I strive to truly detach myself from my own Self and allow God to become the master of my heart. Not so much for the purpose of attaining freedom from the hellfire, or the bounties of His paradise but rather to ultimately become of those whom are loved by Al Wadud (the source of all love and affection; the Loving and Affectionate Lord).
Fortunate are those who envisage the return to their Lord before death overcomes them. I realise that the hairs on my head may grey before I can truly conquer my base desires and live for the soul purpose of seeking the Truth. However what use would my being on this Earth be, if I am not able to do that which I have been created to do?
And I [Allah] did not create jinn and mankind except to worship Me [Allah]
I hope that we have all left the month of Ramadan eliminating a little bit of our Self that takes us away from the Reality of His Being. May we truly become human manifestations of Allah’s Holy Book.
(1) James Fadiman & Robert Frager, Essential Sufism.
(2) Seyyed Hossein Nasr, Caner K. Dagli, Maria Massi Dakake, Joseph E.B. Lumbard & Mohammed Rustom, Tafsir of Surah Al Shura, The Study Quran: A New Translation and Commentary, p. 1187.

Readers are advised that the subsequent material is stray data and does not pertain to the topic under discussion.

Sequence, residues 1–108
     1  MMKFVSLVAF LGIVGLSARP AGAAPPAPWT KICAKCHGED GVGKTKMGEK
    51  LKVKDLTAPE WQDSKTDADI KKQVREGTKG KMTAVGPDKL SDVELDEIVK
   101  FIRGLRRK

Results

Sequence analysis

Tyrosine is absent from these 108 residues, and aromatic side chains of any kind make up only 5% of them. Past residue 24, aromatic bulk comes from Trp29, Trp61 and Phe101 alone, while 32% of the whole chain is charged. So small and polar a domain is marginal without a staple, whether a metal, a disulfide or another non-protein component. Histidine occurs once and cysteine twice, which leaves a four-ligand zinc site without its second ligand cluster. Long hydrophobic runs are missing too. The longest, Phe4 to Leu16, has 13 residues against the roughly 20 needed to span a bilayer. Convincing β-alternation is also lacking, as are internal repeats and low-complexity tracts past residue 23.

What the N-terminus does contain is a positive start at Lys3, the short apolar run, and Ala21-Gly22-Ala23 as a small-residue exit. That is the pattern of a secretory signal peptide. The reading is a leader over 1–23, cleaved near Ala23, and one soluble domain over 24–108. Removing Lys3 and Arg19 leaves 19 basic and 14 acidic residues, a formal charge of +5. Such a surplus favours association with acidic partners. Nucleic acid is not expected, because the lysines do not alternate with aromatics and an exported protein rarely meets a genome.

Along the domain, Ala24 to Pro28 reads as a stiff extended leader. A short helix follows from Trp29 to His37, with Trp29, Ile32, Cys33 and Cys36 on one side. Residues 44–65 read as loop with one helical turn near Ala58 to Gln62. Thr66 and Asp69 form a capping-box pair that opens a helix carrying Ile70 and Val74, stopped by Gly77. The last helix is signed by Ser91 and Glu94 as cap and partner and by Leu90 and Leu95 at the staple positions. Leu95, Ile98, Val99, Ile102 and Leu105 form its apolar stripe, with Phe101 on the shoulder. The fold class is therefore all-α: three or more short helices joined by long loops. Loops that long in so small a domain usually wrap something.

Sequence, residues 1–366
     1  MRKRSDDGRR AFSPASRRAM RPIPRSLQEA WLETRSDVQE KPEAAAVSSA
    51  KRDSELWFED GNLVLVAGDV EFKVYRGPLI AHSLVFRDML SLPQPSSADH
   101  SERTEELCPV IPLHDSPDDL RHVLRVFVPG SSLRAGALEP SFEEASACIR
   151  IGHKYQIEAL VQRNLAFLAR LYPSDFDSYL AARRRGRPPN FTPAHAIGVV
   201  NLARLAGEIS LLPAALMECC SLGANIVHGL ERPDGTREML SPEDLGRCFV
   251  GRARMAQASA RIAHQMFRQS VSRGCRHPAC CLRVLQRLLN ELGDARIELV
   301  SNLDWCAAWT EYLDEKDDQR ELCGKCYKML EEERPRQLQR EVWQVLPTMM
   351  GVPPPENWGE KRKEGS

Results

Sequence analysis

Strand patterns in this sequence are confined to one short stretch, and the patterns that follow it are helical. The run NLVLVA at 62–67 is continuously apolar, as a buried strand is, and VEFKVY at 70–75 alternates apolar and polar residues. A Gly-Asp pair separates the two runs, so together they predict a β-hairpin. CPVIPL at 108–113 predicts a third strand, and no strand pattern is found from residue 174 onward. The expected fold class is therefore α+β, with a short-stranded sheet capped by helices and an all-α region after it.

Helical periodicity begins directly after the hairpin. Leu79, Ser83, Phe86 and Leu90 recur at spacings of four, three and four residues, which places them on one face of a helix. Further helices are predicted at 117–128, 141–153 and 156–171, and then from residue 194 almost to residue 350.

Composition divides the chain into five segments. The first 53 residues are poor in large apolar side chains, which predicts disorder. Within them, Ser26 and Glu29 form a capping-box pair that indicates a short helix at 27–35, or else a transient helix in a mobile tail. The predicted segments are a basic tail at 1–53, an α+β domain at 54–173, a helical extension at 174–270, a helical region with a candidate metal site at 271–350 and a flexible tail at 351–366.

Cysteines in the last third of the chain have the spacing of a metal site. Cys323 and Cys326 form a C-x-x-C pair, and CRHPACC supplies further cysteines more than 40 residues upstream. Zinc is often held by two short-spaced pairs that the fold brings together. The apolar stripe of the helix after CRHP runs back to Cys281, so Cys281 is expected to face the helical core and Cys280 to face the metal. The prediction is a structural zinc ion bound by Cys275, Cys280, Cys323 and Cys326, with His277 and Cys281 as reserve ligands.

One thought on “A Different Kind of Death”
Every Nafs has to taste death and this is the first death and the second death is our physical, normal and common death. Anybody dies without tasting the first one is considered not to be born yet. When we taste the first death only then we are born again and that is called moksha or nirvana. Only our Nafs or soul can taste the first death while our body can suffer from the second death.
The biggest difference between human and animal is the different kind of death. Animal die the only death while human got the opportunity to avail the blessing of the first death.
People dying only the second death are missing this opportunity of blessing.
Awakening only happens after the first death as the taste of first death is the only tool to test the existence of our Nasf or soul.
Animal got soul but they dont have Nafs thats why they are not blessed with this opportunity.
Dying without tasting the first death is like dying like an animal.